Monday, June 13, 2011

Dems expected to succeed in placing "insurance" candidate on ballots

Democrats expect to be successful in their effort to recruit an additional Democratic candidate on many Senate recall races statewide.

The weekend has been bizarre - across the state, activists are scrambling to collect signatures for this effort, all the while having to explain to a confused electorate exactly what is going on here.

The best I can make of it: Democrats are explaining to their confused signatories that they are responding to a GOP effort to place "fake" Democrats on the ballot so the "real" Democrat candidates will have to face a primary. These GOP efforts have two implications: one, the GOP can pull their candidates and put the date of the election in flux, exercising control over election day will occur statewide; and two, GOP voters could vote in a Democratic primary against the establishment Dem candidate.

Rather than recruit "fake" GOP candidates and respond in kind, Democrats are instead recruiting what in some elections is a third candidate for a primary election. The strategy seems to be that they hope for some kind of detente with GOP, or at the least, to force all the elections to occur on the same day regardless of what the GOP does. It's a valiant decision from Mike Tate and the Dems - if you have a full understanding of the decision made here, they really are responding to an aggressive, and really abusive, tactic from the GOP.

Here's to hoping everyone can just calm down and let this thing play out the way it's supposed to.

Saturday, June 11, 2011

Recall efforts turn ugly - 9 races at once

It appears that Dems and Republicans will all try to field false candidates to run against one another in primaries before recall general elections are allowed to happen.

Republicans announced their plan first, and after a few days of discombobulation and shock, Dems and their allies are now scrambling to gather enough signatures to put primary opponents up against Republicans to even the score. One caveat: the same circulators can't gather signatures for two people. There's a mad scramble to get people signed up to circulate within each camp. 

The GOP has forced the Dems into this action - if the Dems don't field candidates in response to the initial GOP move, GOP voters would be able to vote en masse in the primary against the real Dem candidate. We Are Wisconsin has a good outline of what this all means on their website.

My opinion: this is the next level. Just when you think things won't get crazier and more intense in this fight, something like this happens - and the repercussions will be significant. I'll be out in the field watching the events unfold this weekend and will update more afterwards.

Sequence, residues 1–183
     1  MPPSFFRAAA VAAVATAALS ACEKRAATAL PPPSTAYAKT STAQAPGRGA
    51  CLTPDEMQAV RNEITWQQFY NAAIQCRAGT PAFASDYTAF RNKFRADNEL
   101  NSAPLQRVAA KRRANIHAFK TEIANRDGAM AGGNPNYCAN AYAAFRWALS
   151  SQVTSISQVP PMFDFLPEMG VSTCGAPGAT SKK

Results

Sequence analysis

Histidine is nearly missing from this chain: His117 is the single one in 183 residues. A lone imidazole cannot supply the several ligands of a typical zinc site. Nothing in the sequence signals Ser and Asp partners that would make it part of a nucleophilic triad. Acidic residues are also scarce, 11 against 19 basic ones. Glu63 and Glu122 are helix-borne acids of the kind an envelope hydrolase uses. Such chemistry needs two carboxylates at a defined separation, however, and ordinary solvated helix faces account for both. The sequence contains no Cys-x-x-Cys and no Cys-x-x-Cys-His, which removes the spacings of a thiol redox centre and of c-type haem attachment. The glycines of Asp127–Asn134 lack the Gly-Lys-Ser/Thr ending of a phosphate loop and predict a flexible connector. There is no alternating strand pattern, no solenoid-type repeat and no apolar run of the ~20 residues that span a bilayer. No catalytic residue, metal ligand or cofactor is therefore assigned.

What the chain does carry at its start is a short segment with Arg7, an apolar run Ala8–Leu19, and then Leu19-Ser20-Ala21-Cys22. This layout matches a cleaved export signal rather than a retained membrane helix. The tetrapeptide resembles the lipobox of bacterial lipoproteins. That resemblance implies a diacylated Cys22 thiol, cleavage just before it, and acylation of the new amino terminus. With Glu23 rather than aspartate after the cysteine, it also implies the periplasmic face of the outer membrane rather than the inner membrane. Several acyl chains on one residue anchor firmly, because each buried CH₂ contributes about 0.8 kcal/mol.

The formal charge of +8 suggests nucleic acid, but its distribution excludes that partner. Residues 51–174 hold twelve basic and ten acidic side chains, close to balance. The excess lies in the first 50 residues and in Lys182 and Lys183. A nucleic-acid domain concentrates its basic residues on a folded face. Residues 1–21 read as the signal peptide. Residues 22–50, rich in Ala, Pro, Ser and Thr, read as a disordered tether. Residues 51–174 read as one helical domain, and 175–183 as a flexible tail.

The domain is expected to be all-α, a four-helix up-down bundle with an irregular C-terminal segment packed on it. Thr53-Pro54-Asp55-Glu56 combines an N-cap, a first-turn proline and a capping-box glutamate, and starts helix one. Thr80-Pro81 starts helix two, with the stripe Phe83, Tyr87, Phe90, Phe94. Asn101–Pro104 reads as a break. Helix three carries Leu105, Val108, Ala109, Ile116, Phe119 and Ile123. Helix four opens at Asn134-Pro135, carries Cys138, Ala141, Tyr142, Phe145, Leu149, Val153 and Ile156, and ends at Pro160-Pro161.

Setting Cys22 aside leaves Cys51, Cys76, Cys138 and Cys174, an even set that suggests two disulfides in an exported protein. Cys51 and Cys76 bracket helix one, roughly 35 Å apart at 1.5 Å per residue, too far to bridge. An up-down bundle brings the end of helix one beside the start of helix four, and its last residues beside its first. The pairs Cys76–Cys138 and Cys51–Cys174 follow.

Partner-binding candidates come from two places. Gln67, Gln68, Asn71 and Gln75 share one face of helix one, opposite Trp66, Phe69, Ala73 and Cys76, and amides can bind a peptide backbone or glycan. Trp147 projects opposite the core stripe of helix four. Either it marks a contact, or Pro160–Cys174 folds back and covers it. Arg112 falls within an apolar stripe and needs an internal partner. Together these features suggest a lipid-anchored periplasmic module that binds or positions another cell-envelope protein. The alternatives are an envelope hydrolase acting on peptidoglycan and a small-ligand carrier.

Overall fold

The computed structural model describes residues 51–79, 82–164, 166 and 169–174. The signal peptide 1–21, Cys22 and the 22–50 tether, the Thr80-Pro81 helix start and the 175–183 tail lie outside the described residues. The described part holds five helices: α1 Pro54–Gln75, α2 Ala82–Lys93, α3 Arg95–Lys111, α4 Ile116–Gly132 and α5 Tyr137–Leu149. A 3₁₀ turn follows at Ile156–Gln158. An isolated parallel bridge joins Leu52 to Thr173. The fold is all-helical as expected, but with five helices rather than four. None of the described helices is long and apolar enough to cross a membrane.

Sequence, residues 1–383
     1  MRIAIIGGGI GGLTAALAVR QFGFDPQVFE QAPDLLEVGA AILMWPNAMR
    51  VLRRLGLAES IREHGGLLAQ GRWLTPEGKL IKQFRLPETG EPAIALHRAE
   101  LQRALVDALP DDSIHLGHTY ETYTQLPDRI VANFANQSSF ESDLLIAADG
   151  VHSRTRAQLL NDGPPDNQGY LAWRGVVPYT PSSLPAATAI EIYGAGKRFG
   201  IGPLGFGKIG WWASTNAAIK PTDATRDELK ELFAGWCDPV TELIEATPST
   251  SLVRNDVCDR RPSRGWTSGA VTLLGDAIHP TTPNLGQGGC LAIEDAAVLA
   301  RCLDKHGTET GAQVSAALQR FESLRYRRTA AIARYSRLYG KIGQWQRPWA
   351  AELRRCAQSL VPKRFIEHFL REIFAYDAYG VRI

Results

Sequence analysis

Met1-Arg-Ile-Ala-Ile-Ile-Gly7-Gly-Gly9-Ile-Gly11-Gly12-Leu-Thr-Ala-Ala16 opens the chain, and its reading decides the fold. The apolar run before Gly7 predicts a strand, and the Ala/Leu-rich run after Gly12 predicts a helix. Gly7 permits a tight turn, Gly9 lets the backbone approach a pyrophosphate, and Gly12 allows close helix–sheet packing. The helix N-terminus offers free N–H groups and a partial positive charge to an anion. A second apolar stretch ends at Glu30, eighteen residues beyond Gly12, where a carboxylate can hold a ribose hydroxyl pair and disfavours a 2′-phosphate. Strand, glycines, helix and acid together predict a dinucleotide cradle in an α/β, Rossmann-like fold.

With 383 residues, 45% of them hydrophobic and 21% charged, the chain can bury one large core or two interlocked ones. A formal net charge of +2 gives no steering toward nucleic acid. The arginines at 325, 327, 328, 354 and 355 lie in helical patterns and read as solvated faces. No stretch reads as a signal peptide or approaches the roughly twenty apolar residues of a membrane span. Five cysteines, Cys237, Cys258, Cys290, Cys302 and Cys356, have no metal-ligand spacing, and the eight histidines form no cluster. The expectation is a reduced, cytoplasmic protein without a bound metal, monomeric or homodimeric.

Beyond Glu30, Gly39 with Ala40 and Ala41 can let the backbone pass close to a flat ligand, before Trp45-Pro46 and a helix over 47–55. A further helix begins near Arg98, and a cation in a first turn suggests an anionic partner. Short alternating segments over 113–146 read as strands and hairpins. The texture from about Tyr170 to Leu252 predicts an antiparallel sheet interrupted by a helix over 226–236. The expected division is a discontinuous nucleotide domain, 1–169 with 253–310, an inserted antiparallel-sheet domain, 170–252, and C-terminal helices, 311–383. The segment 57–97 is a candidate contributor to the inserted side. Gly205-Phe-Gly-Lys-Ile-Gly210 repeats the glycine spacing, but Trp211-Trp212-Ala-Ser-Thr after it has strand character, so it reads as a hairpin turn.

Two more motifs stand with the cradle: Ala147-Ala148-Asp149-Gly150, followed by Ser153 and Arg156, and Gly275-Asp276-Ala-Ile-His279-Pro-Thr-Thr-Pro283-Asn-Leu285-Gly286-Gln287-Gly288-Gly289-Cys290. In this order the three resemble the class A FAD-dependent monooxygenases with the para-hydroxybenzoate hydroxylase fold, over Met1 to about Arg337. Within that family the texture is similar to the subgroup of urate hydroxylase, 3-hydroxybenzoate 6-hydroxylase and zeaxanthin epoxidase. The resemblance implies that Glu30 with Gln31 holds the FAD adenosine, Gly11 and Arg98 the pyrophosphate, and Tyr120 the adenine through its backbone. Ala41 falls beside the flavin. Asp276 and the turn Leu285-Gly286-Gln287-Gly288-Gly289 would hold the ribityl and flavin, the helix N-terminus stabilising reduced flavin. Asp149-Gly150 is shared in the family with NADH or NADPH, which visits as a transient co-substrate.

Thursday, June 2, 2011

Dave Obey's role in the Harsdorf/Moore recall race

This video posted at Uppity Wisconsin got me thinking. How involved is Dave Obey in supporting educator and education activist Shelly Moore in her bid to replace Sen. Sheila Harsdorf?

Think about it. He's newly retired and has visited Madison quite a few times since January. He's a politician by nature, and surely in this climate he wants to be involved somehow. I doubt anyone knows northern Wisconsin's politics better than him. If anyone can bring Moore's candidacy to within striking distance of Harsdorf, who hasn't been considered vulnerable, it's Obey. It will be interesting to see how much more comes of his surrogacy for the Moore campaign.

It's factors like these I see coming together to mean good things for the Dems.

Wednesday, June 1, 2011

Kapanke call confirms Republicans agree with Dems

...on which races are the most competitive in the upcoming July 12th recall elections.

The Journal Sentinel has the scoop on a "secretly recorded" talk at an in-district meeting among GOP activists and the Senator.

He said that along with his race, the Hopper and Darling recalls are the most likely to be successful. He goes on to talk about the possibility of defending every Republican seat, and taking down a Democrat or two, with the possibility of the Senate GOP caucus growing to 21 members.

I don't see that as even a remote possibility.

What seems more likely to me is that Darling will succeed in defending her seat, but Hopper and Kapanke will lose, especially after comments like these becoming public and provoking the public employees Kapanke denigrated in his talk. I think Luther Olsen could go down, though, and if not him, Sheila Harsdorf. The quality of the candidates Dems have come up with in these two races can't be overstated.

I seriously doubt Kapanke believes that the Senate GOP could come out of this with 21 seats.